The Prophet Elijah experienced a Breaking Point
As great of a prophet that Elijah was, he yet experienced a breaking point. In the book of 1 Kings 19, it reads “Now Ahab told Jezebel everything Elijah had done and how he had killed all the prophets with the sword. 2 So Jezebel sent a messenger to Elijah to say, “May the gods deal with me, be it ever so severely, if by this time tomorrow I do not make your life like that of one of them.” 3 Elijah was afraid and ran for his life. When he came to Beersheba in Judah, he left his servant there, 4 while he himself went a day’s journey into the wilderness. He came to a broom bush, sat down under it and prayed that he might die. “I have had enough, Lord,” he said. “Take my life; I am no better than my ancestors.” 5 Then he lay down under the bush and fell asleep.”
At the point of which some would suppose to be the highest in the Prophet Elijah’s life, it however appears to be the lowest. Following the great showdown on mount Carmel, against the prophets of Baal and the declaration that the drought will end, that while rain manifested on the land, the prophet however was robbed of his victory because of a death threat from Jezebel. Elijah, somehow in a state of fear and anxiety flees for his life and prays for death.
Can I tell you that sometimes your breaking point will lead you to believe that all is lost and there is no sense in continuing to live. If you mind those moments of crossroads, they will leave you feeling
• emotionally robbed and
• spiritually abandoned.
Nonetheless, you have to know that
1. you are not alone.
2. Better days are ahead
3. Your best is yet to come
4. You ain’t seen nothing yet, just keep striving, continue pushing,great things are coming for you
a Breaking Point
Jesus as he prayed in the Garden of Gethsemane had reached a breaking point.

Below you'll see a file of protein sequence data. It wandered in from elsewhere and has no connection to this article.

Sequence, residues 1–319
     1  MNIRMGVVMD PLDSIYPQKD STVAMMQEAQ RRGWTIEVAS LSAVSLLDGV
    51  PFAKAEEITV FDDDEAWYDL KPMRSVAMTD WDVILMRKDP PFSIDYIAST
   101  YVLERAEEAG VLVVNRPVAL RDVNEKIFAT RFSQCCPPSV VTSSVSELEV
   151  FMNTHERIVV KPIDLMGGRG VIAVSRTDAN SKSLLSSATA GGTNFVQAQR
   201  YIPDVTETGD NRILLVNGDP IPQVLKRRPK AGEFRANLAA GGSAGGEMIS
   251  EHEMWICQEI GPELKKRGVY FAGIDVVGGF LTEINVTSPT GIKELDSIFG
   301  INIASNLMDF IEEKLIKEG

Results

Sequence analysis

Luke 22:19-44 reports – 39. And he came out, and went, as he was wont, to the mount of Olives; and his disciples also followed him. 40. And when he was at the place, he said unto them, Pray that ye enter not into temptation. 41. And he was withdrawn from them about a stone’s cast, and kneeled down, and prayed, 42. Saying, Father, if thou be willing, remove this cup from me: nevertheless, not my will, but thine, be done. 43. And there appeared an angel unto him from heaven, strengthening him. 44. And being in an agony he prayed more earnestly: and his sweat was as it were great drops of blood falling down to the ground.
Can I tell you that Jesus was strained by the prospect of His suicidal mission, whereby he,
• the son of God,
•God in human flesh,
would have to submit to death on a cross that mankind might be redeemed from an alienated state to a glorious state of son ship. Jesus, the Perfect Man, who had never known sin, was about to have all the sins of the world laid upon him, and suffer God’s punishment for all of them, in order to make it possible for all the rest of us to find salvation. He knew the encounter would be horrific, nonetheless, in addition to the horrific levels of physical and spiritual agony that would arise, Jesus battled the deepest of all human fears
That is the fear of the unknown. Calvary was unknown territory to Jesus, because throughout his life, Jesus had relationship and communication with the father. However, Calvary demanded that all communication and relationship with God be cut off.
Although a breaking point at first glance appears to be aimed at destroying an individual, it however will not, because a breaking point rather is designed to remove you from one level to the next. In other words, God will use your breaking point to transition you from a state of complacency and comfort and control to a state of engagement, productivity and reliance on God.